Biology for High Schools1920Smallwood, W. M; Reveley, Ida L; Bailey, Guy AAllyn and Bacon, BostonHSPhylogenetic1 Mildly suggests students "take care" in selecting mates so that the inherited tendency toward "industry and thrift" are passed on to children.0 Evolution not indexed. Darwin bio not present in text (only Smallwood to omit). Weak presentation of human evolution. Confused presentation of natural selection.
Biology for Beginners1921Moon, Truman JHolt, New YorkHSPhylogenetic1 Implies racial progress.3 Indexed. Reasonable description. Note: strongly links organic and cultural evolution.
Foundations of Biology1922Woodruff, Lorande Loss (M) Yale BioMacmillan, New YorkC1 Cautionary. '37 edition includes important anti-eugenic statement. See pp. 407-09.
Civic and Economic Biology1922Atwood, Wm. HP. Blakiston's, Philadelphia HSEconomic5 Harshly eugenic. Contains the most shocking defense, summed up by this quote: "One of the reasons why Greece, Rome, and the other great nations of antiquity perished is that they violated the principles of eugenics. If our nation is to live its people must be of the best, and their blood must not be contaminated by that of the unfit. What is your state doing to improve the next generation?" (337).4 Complete by standards of the day, though highly progressionist, focused toward improvement. Labeled "The Doctrine of Evolution." Compare to era's best, Bigelow 1911.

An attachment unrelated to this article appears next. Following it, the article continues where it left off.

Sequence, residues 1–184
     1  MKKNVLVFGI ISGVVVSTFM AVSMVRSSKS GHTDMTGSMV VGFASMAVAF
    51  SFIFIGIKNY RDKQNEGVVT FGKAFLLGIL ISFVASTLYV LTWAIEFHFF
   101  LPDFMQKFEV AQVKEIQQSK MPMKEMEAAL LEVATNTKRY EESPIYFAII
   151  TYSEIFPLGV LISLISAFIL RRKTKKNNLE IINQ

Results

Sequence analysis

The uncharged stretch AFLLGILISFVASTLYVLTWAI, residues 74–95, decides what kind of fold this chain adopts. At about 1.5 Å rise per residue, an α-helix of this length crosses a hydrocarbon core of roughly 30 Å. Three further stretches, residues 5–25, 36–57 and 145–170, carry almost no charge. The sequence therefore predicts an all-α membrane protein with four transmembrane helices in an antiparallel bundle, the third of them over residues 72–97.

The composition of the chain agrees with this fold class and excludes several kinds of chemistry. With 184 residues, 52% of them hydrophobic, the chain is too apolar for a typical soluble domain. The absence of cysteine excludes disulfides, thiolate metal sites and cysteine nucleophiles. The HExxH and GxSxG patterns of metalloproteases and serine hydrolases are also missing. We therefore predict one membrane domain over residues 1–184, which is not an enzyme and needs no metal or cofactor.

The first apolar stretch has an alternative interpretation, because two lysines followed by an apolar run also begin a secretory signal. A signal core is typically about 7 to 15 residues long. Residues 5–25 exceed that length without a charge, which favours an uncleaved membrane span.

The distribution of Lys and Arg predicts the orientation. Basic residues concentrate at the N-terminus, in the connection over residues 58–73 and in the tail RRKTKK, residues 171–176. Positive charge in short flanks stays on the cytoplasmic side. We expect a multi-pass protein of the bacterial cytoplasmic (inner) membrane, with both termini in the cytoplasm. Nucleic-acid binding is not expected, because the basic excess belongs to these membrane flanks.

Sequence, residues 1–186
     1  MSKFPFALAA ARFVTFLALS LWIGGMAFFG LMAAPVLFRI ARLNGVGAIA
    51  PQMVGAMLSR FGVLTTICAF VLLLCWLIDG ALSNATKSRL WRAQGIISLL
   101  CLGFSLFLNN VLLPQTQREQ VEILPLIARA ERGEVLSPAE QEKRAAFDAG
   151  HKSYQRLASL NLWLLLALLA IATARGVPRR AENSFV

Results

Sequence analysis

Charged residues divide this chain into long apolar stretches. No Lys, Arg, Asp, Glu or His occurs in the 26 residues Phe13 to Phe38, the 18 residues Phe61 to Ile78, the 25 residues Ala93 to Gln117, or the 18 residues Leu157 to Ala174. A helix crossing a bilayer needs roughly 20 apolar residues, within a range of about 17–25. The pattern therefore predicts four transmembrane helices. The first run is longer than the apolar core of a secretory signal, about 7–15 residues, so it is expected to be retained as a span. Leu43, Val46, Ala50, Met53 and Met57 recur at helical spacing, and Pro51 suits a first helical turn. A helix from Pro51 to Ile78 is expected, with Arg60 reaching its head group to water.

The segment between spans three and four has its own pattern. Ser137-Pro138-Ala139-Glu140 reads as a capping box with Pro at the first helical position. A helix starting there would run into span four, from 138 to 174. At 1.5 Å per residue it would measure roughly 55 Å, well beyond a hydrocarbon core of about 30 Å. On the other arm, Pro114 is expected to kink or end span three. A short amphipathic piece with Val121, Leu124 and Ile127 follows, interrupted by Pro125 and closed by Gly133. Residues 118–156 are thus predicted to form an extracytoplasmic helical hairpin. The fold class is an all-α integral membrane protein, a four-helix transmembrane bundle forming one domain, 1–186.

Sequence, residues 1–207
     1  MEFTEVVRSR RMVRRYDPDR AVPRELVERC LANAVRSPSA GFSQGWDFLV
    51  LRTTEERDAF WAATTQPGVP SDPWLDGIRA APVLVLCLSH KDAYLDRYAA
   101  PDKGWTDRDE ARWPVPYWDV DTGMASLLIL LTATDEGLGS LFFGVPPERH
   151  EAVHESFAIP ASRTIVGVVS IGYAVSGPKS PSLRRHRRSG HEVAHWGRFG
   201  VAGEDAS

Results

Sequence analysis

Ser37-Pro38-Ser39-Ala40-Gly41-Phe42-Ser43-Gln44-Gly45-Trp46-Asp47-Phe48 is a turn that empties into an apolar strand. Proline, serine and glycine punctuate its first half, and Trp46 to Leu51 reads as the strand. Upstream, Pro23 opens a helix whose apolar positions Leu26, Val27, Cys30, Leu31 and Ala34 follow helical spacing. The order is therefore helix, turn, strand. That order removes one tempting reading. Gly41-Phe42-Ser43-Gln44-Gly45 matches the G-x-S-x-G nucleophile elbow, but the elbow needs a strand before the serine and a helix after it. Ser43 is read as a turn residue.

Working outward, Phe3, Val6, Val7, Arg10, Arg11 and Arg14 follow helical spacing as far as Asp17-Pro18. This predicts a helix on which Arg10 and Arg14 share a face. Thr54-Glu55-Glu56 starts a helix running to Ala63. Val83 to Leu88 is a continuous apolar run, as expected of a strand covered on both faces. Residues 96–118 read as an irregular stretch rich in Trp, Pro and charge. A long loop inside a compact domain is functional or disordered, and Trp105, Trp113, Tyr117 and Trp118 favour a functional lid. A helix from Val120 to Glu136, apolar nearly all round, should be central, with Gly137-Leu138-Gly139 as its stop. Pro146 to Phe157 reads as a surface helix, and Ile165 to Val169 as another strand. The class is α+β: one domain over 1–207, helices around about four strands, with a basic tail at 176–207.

New Essentials of Biology1923Hunter, George WilliamAmerican Book Company, New YorkHSPhylogenetic1 Identical to Hunter 1911.2 Identical to Hunter 1911.
The Biology of Man and Other Organisms1923Linville, Henry RHarcourt, New YorkHSNormative4 Strongly eugenic in its demands for "social control of inheritance" (178), though structure mitigates narrative force, climaxing with calls for correct posture, exercise and proper diet.4 Evolution strongly presented, though its position at the end of zoology section telegraphs a progressionist rather than unity of life ideology.
Biology of Home and Community1923Trafton, Gilbert HMacmillan, New YorkHSEconomic0 No eugenics, despite focus on domestication and species improvement.4 Excellent, extensive treatment of topic. Unusual for its day. Downplays natural selection somewhat in favor of mutations - typical.